Friday, October 12, 2012

#305 Odelay -- Beck (now #306)

Beck made me think of Jackson Pollock.

And imagination.

The album wasn't so much about the music, but rather, Odelay represented a musical space that proved vast imagination took place.  Much like a Jackson Pollock painting isn't so much about the end product, but the proof that a man used his imagination to create something that fit into our *updated* perception of art.  Or at least that's one justification for why people like shitty paintings.

In Beck's defense a five-year-old could not have created Odelay.

Odelay is an odd hodgepodge of music.  I couldn't tell if it was all made through a series of keyboards, turntables, or computers--but yet, it was surprisingly enjoyable.  I got the sense that these were highly motivated people searching to find something new to create, whatever the cost may be and in the process created an imaginary space that carried the listener out to uncharted waters.  There wasn't a single song that stuck out to me as the best on the album.  They are actually all quite unique from one another and yet, are produced with the same sort of gusto and inspiration.  It sounded a little like grunge, electronica, a medley of rock, punk, and indie music, all made with unconventional sounds.

Most importantly, this album made me think of how difficult it is to find one's little space in the great web of creativity and imagination.  While listening to this album, I began to process my love for writing from the beginning.  When I was about six-years-old, I remember dictating to my father, while he chicken-pecked at our DOS computer, the "great" story of a cat, a sloth, and a giant snail who were on an adventure in the rainforest.  It was imperative that my father get down every detail of how the cat and the sloth could fit inside the snail--which really wasn't an important detail to the story that lacked conflict and character development.  Not to mention themes.  Or direction.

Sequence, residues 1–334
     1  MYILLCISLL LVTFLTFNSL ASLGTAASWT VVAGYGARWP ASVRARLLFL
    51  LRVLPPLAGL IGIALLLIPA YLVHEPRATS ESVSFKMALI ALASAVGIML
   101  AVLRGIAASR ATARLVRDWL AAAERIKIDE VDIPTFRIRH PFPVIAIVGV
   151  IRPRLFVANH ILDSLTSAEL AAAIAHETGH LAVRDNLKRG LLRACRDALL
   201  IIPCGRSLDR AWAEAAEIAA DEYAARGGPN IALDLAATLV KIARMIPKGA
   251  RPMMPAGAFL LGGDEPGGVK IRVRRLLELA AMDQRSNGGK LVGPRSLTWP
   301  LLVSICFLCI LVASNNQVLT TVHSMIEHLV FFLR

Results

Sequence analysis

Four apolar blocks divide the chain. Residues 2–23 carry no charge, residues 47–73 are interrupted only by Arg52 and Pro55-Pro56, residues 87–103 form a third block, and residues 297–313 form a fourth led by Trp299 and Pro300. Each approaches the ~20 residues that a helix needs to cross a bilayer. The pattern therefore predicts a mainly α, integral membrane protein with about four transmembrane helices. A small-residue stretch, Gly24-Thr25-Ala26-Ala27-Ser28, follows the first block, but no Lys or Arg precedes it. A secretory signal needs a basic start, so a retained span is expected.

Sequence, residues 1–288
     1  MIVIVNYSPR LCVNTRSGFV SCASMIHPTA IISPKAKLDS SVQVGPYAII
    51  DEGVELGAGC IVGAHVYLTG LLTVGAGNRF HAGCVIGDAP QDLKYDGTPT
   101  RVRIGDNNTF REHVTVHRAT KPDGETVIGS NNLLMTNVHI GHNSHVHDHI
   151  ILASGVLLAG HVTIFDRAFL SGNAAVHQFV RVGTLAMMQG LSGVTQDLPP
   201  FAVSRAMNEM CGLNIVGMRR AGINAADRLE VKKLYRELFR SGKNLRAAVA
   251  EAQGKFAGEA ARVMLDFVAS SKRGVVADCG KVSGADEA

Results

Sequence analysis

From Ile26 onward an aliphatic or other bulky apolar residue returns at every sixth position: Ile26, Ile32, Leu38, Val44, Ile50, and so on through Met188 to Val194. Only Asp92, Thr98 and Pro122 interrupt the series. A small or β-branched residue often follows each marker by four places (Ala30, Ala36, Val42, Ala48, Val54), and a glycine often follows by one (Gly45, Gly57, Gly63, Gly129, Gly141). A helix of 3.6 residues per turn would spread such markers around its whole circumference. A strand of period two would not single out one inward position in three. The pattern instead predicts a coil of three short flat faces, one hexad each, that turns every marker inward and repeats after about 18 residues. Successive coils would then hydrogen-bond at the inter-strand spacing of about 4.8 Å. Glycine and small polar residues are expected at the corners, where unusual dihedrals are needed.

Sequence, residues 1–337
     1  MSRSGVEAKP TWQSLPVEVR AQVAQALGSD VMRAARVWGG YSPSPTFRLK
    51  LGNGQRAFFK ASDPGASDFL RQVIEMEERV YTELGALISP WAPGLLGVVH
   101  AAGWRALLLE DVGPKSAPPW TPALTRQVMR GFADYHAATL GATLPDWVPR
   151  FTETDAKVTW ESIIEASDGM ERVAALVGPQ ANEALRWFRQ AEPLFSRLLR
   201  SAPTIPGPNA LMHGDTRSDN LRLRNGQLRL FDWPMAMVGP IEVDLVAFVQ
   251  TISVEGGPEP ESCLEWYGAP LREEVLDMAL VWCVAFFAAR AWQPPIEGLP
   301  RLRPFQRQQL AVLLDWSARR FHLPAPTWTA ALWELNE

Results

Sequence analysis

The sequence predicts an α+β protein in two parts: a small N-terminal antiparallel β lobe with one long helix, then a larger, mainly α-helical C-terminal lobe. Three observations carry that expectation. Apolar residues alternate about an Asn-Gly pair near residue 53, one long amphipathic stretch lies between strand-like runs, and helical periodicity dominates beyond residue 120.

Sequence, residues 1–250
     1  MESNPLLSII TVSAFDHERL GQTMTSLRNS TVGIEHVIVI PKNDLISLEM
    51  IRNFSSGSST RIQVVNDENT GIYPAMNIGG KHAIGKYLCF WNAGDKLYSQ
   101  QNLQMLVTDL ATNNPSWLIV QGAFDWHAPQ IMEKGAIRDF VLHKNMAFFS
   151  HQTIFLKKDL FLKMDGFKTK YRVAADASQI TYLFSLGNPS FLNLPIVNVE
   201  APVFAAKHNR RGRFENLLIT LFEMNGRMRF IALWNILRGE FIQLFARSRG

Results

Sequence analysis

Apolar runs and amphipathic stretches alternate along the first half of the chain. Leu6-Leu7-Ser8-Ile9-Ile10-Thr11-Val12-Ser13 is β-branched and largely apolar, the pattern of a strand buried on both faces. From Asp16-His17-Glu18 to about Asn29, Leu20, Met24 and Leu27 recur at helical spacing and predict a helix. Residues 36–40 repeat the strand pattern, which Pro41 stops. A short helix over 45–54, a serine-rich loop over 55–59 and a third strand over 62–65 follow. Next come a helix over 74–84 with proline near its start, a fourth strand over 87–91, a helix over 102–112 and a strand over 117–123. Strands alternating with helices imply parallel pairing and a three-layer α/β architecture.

But the turning point of all of this was when I was in the 8th grade, I got grounded for failing algebra over my two week christmas break.  I took all my anger and angst for my inability to do math well, and my frustration that I was being grounded because I was having difficulty learning something and released it on a primitive laptop I stole from my father.  I wrote a 70 page story.  I mean, it's terrible and you couldn't pay me to reread it now. But the point is, I created something.  I wrote 70 pages when I was 13.  Even though it is all crap, it was a creation.  It represents that imagination was used.  I would have killed to be able to write so much in college, but worries of "what will the professor think, what will my peers say?" inhibited my ability to create.  Perhaps, I've finally unlearned all of that to not care anymore.

(I would also like to take this time to say, I forgive you, Mrs. Alma Martinez of Gregory-Portland Junior High school for telling me, "The will is there, but the ability isn't."  I remember that, 13 years later.  It's not your fault you were as bad at teaching as I was at algebra.  I might have failed algebra, but you failed your students.  I just have to live with the fact that I can't find the value of X.  You have to live with the fact that you left deep scars in people during their most tender years.)

But anyway.  If it wasn't for that "teacher," I never would have found the motivation to write.  Even if nobody read the 70 page story I produced.  And it begged the question to me, does it matter if nobody notices a creation?  Is it enough that imagination took place?  Writing for writing's sake?  Music for Music's sake?  If nobody ever listened to Beck's Odelay, would it diminish the fact that they created something nobody had tried before, put it together and suffered painstaking thought processes for the sake of imagination?

I don't know why this album made me think of that.  Perhaps too many artists are so preoccupied with trying to "make it" or finding themselves in the world and becoming famous that they forget first and foremost, it is most important to create.  Who cares if other people read, listen, or see it?  And so, I've decided that at all costs, I will write once a week.  Just for myself.  So perhaps I will blog more from now on.

Thanks Beck.

What the rolling stone peoples had to say:
DGC, 1996

Burrowing into the studio with sampledelic producers the Dust Brothers, Beck came back with a Technicolor version of his Woody Guthrie-meets-Grandmaster Flash vision, demonstrating to his rock peers that turntables had a brighter future than refried grunge.

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